Water ingress into caravans can be a huge issue as it has the potential to cause expensive damage to your pride and joy. Window seals are a common culprit of leaks but, luckily, they’re quite easy to fix. It’s a do-it-yourself job most people could manage with a few ordinary tools and a couple of spare hours. Glynn Magain from the RV Repair Centre in Bayswater North, Vic, said there wasn’t much that caravan owners could do to prevent window leaks, as it really came down to how well the window was sealed in the factory. Re-sealing a leaking window involves removing the window from the van, removing the old sealant – whether it’s silicone, foam tape or both – cleaning the window, re-sealing and re-inserting the window.
ON WITH THE JOB
First, assemble the equipment you’ll need (see list below) for the job so it’s all close to hand.
The windows on this van weren’t actually leaking but the RV Repair Centre, who helped with the preparation of this article, nonetheless offered to show us how it’s done. The van had new Dometic windows, with the glass on the outside and a cassette containing the blinds and insect screen on the inside. According to Glynn, these windows should be less prone to leaks than older wind-out-style windows. Head inside the van and start popping off the plastic coverings, which cover the screws on the window cassette. You should be able to pop these off easily with your fingers but if they’re tight or for those hard-to-reach ones at the top, use a flat blade to carefully dig them out.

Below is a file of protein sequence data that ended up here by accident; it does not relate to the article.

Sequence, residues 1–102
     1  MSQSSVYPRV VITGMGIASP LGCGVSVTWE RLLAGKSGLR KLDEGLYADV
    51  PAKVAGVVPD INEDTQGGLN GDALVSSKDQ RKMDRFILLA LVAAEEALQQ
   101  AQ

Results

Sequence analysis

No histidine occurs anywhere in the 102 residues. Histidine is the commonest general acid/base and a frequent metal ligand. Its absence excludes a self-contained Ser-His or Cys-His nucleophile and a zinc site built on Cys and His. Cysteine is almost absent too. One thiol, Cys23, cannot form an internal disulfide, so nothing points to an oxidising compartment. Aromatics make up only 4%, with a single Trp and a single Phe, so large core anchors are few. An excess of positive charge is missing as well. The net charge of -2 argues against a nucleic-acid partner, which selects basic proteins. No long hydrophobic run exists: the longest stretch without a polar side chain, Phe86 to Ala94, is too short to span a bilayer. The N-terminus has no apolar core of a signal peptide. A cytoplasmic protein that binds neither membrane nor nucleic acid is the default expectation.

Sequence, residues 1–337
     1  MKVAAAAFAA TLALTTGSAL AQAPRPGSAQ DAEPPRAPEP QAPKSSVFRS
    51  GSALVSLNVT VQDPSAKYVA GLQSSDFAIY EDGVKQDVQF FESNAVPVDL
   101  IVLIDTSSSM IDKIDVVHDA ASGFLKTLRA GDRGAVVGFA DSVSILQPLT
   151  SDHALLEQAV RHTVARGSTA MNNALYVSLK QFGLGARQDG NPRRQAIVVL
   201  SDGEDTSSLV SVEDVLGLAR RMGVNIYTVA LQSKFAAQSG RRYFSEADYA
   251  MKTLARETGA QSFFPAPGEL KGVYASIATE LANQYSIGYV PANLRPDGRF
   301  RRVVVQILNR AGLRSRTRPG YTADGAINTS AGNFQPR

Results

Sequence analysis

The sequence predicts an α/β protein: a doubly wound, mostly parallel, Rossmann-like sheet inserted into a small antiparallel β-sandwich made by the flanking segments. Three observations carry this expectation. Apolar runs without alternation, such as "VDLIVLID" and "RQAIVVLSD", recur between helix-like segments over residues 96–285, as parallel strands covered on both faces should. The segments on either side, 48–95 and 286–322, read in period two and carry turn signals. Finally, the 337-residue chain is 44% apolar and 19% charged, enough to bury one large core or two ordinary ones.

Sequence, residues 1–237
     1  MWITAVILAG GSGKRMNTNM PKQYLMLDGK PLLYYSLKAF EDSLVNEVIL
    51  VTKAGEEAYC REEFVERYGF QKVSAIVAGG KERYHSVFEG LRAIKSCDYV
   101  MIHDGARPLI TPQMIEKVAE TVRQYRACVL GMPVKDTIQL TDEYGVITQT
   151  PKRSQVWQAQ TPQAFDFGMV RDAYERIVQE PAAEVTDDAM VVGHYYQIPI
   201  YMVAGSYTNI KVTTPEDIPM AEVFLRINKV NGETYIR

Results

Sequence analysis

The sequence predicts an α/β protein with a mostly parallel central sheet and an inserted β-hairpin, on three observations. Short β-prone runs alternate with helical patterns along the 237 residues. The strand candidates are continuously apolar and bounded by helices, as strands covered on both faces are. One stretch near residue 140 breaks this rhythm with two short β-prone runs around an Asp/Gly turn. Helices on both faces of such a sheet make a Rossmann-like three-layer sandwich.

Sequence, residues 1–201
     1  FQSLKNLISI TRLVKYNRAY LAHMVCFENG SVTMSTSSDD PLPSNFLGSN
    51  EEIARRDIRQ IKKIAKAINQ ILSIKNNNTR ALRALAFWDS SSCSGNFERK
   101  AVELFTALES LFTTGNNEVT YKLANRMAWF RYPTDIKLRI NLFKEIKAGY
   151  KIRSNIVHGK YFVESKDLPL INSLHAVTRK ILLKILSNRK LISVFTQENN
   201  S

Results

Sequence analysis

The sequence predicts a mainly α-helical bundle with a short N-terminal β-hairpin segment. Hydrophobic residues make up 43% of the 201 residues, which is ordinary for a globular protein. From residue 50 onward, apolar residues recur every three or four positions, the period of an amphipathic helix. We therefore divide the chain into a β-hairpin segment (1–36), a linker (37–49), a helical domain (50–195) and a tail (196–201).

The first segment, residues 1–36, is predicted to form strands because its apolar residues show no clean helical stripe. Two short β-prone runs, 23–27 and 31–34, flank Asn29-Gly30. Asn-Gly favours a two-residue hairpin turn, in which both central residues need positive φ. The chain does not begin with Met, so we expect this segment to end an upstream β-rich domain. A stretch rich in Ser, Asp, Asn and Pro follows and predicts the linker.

Next, remove the screws with a drill fitted with the appropriate bit. You can then lift off the window cassette and put it somewhere secure. Attach the Torx bit to your drill and use it to remove the window clips that hold the window in place. The type of clips used differs between windows, brands and van, and some will only require a regular screw bit. Others, like these Dometic windows, are secured with Torx screws because they’re more tamper-proof.
Once that’s done, you can head outside and remove the window from the outside. This window was sealed with foam tape and a tiny bead of silicone. The foam tape has a sticky back that adheres to the caravan’s cladding, so you may need to pry the window out. Work your way around the edge of the window with a flat blade, being very careful not to dent or bend the aluminium cladding.
Peel any remaining foam tape or silicone away from the van, scrape away any stubborn bits with a plastic scraper and clean off the residue with methylated spirits and a clean, soft cloth. If you don’t properly clean this surface, the new foam tape and silicone won’t stick properly, endangering the integrity of your seal.
Repeat this process on the window itself – remove any remaining foam tape/silicone and clean it all down with metho and a cloth.
Use a weather-resistant foam tape to re-seal the window. Make sure your roll of foam tape is the correct width and apply it by starting at the bottom of the window in the centre. This way, the join you create with the tape will allow any water or moisture to run off downwards. If you start taping from the top, you risk creating a leak with your join, which will allow moisture to drip inside the caravan.
Keep the line of foam tape close to the window and as neat as you can. Just follow it around the corners, moving the window as needed. Keep the backing paper on the foam for as long as you can, as this will prevent the foam from stretching. But you’ll need to remove it as you go around the corners.